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To keep crops from rotting in the field, farmers say they need Trump to let in more temporary workers

in Multimedia articles

LOS ANGELES TIMES – The sun hasn’t cracked the horizon when Alfredo Betancourt and 19 of his countrymen line up behind a packing trailer, knives in hand, knee deep in dewy cauliflower plants. A tractor growls, the packing trailer jerks into motion and Betancourt and his co-workers begin their routine: walk, stoop, cut, toss. Walk, stoop, cut, toss.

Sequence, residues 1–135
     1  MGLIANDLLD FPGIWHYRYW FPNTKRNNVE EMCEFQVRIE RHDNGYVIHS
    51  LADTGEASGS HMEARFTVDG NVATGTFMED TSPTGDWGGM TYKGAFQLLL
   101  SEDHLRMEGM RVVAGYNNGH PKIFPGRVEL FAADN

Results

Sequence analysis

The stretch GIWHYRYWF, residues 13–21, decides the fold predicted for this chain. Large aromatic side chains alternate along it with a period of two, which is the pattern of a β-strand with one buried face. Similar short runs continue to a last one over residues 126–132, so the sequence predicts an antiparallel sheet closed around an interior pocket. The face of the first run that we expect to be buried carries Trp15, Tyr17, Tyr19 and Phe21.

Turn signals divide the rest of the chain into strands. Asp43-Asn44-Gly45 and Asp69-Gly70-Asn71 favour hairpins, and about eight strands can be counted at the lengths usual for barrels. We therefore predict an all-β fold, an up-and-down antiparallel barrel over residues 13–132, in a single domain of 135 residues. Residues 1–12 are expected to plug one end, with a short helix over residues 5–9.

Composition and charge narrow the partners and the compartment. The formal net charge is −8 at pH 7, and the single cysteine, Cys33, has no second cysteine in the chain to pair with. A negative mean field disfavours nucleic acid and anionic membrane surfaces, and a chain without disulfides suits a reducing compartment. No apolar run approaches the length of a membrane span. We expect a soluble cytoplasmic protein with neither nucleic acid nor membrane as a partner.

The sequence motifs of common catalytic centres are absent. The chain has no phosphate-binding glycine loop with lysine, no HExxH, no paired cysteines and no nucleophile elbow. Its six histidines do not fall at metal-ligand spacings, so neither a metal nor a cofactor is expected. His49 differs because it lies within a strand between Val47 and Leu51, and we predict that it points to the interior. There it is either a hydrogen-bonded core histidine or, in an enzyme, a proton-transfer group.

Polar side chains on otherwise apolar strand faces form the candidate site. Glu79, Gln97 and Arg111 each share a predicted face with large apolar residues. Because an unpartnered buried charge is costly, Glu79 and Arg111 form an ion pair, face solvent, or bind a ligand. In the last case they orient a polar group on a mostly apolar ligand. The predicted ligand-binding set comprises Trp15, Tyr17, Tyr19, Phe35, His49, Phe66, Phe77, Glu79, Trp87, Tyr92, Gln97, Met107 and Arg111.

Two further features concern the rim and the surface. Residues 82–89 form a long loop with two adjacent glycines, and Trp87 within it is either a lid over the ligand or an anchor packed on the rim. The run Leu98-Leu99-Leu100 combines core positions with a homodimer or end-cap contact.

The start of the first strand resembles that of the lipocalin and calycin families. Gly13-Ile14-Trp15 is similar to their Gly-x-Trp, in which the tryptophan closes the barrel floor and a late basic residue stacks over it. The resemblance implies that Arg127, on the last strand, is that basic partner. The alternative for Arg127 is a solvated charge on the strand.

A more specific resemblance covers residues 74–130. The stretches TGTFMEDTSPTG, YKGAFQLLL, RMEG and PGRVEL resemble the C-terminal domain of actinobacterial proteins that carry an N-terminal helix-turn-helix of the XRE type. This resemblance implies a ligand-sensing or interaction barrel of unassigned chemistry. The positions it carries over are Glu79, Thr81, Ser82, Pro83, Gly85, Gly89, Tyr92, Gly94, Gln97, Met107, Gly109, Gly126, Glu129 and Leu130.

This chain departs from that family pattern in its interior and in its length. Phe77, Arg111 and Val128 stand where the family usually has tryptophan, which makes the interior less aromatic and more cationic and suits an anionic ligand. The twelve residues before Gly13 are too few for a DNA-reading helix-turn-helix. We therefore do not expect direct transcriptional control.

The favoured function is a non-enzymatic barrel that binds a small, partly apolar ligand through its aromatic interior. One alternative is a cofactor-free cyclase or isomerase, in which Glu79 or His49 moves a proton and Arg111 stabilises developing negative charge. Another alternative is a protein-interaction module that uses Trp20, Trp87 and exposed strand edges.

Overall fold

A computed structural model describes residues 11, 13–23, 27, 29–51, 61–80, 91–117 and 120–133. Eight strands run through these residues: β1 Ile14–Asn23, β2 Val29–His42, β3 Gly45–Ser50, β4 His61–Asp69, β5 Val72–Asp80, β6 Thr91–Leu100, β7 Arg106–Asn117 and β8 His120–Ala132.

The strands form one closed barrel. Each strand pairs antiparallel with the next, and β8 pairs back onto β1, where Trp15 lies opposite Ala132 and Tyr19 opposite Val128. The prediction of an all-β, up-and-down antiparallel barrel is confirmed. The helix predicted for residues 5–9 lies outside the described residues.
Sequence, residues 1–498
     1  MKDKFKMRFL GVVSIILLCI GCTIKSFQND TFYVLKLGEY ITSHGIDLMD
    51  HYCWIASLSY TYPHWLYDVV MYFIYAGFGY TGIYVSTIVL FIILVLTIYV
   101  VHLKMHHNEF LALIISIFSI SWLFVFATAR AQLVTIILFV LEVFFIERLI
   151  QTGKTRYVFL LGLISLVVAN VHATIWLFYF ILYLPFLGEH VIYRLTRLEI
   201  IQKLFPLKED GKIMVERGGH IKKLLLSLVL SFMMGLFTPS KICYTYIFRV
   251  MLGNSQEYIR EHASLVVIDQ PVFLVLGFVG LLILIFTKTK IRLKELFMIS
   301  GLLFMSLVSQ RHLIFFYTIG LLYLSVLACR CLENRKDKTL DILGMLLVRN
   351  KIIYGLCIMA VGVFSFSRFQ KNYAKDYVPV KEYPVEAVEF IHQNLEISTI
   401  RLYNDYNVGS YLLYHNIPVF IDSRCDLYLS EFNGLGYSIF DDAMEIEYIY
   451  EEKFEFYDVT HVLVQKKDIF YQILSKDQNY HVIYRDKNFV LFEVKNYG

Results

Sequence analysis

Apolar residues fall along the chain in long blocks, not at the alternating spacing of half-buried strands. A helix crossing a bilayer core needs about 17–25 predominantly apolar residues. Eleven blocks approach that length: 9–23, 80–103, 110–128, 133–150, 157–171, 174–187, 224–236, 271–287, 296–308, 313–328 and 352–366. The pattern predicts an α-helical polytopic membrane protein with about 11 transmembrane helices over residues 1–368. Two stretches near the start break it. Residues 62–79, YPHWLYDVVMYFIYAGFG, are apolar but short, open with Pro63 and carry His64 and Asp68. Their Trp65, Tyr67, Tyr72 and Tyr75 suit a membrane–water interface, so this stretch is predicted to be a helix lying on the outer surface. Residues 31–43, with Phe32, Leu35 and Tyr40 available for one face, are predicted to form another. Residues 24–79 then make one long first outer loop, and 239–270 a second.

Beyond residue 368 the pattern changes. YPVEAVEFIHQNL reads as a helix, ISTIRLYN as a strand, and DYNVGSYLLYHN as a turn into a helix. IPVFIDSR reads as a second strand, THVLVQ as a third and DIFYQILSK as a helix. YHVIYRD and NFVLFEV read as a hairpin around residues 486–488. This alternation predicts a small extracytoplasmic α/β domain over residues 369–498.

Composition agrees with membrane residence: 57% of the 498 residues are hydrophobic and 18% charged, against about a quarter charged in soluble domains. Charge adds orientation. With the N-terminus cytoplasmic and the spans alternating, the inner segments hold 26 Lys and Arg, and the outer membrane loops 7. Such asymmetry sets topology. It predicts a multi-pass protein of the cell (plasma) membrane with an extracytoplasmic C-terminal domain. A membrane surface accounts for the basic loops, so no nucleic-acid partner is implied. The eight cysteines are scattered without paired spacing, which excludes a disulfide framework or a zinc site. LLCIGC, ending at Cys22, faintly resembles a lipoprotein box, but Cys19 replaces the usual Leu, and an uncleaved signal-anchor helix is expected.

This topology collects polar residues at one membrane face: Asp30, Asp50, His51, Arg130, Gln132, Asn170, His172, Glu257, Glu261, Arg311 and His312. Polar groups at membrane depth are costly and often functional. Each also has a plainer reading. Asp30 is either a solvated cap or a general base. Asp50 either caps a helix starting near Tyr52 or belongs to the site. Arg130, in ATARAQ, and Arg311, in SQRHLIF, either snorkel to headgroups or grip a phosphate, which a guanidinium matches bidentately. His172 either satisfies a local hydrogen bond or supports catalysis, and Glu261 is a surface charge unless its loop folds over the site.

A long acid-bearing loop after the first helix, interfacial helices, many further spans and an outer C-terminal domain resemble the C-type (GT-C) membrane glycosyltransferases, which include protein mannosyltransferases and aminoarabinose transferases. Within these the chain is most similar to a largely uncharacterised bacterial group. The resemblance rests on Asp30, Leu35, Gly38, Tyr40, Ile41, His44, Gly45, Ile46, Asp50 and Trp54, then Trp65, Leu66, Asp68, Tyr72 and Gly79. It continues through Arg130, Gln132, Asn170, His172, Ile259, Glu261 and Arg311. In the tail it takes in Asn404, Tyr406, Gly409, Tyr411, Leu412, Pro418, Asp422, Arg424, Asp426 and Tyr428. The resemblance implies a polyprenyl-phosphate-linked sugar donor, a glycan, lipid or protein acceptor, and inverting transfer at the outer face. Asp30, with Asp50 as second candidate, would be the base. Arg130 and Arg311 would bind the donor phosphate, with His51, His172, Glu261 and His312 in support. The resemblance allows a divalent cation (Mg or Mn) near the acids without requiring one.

By the time the dense fog lifts from California’s Salinas Valley, the crew has cut enough cauliflower to fill a dozen produce aisle bins at a local grocery store.

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